A person who spoke on the condition of anonymity because the investigation was still going on said that the explosives were put in 6-liter pressure cookers, placed in black duffel bags and left on the ground. They were packed with shrapnel to inflict maximum carnage, the person said.

The person said law enforcement officials have some of the bomb components but do not yet know what was used to set off the explosives.

A doctor treating the wounded appeared to corroborate the person's account, saying one of the victims was maimed by what looked like ball bearings or BBs. Doctors also said they removed a host of sharp objects from the victims, including nails that were sticking out of one little girl's body.

At the White House, meanwhile, President Barack Obama said that the bombings were an act of terrorism but that investigators do not know if they were carried out by an international organization, domestic group or a "malevolent individual."

He added: "The American people refuse to be terrorized."

Across the U.S., from Washington to Los Angeles, police tightened security, monitoring landmarks, government buildings, transit hubs and sporting events. Security was especially tight in Boston, with bomb-sniffing dogs checking Amtrak passengers' luggage at South Station and transit police patrolling with rifles.

"They can give me a cavity search right now and I'd be perfectly happy," said Daniel Wood, a video producer from New York City who was waiting for a train.

Similar pressure-cooker explosives have been used in Afghanistan, India, Nepal and Pakistan, according to a July 2010 joint FBI and Homeland Security intelligence report. Also, one of the three devices used in the May 2010 Times Square attempted bombing was a pressure cooker, the intelligence report said.

"Placed carefully, such devices provide little or no indication of an impending attack," the report said.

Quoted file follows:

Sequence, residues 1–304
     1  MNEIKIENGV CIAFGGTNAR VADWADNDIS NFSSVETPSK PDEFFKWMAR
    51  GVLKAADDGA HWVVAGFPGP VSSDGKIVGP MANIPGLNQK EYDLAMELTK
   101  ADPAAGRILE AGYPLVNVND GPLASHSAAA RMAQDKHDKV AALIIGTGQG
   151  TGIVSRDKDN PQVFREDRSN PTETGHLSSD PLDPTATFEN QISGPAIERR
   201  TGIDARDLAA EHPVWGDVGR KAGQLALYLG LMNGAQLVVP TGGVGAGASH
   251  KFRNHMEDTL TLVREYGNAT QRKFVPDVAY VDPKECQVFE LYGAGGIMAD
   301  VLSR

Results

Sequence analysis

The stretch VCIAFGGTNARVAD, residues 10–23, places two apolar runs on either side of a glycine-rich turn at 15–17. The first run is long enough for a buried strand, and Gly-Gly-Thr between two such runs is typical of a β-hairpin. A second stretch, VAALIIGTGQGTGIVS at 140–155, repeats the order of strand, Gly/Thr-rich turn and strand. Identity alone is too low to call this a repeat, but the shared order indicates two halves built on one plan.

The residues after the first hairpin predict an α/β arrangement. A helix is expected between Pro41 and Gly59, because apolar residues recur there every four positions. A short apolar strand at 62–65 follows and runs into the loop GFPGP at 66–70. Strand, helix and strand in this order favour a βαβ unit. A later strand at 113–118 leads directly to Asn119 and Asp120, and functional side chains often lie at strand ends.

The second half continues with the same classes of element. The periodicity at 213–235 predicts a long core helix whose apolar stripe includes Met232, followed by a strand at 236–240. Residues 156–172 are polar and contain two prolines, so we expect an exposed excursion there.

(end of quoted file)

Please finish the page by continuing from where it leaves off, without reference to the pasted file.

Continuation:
The Pakistani Taliban, which claimed responsibility for the 2010 attempt in Times Square, has denied any role in the Boston Marathon attack.

The two bombs blew up about 10 seconds and around 100 yards apart Monday near the finish line of the storied, 26.2-mile race, tearing off limbs, knocking people off their feet and leaving the streets spattered with blood and strewn with broken glass. The dead included an 8-year-old boy.

"We started grabbing tourniquets and started tying legs. A lot of people amputated," said Roupen Bastajian, a state trooper from Smithfield, R.I., who had just finished the race when he heard the explosions.

Federal investigators said no one had claimed responsibility for the bombings, which took place on one of the city's biggest civic holidays, Patriots Day.

"We will go to the ends of the Earth to identify the subject or subjects who are responsible for this despicable crime, and we will do everything we can to bring them to justice," said Richard DesLauriers, FBI agent in charge in Boston.

He said investigators had received "voluminous tips" and were interviewing witnesses and analyzing the crime scene.

Gov. Deval Patrick said that contrary to earlier reports, no unexploded bombs were found. He said the only explosives were the ones that went off.

FBI agents searched an apartment in the Boston suburb of Revere overnight, and investigators were seen leaving with brown paper bags, plastic trash bags and a duffel bag. But it was unclear whether the tenant had anything to do with the attack.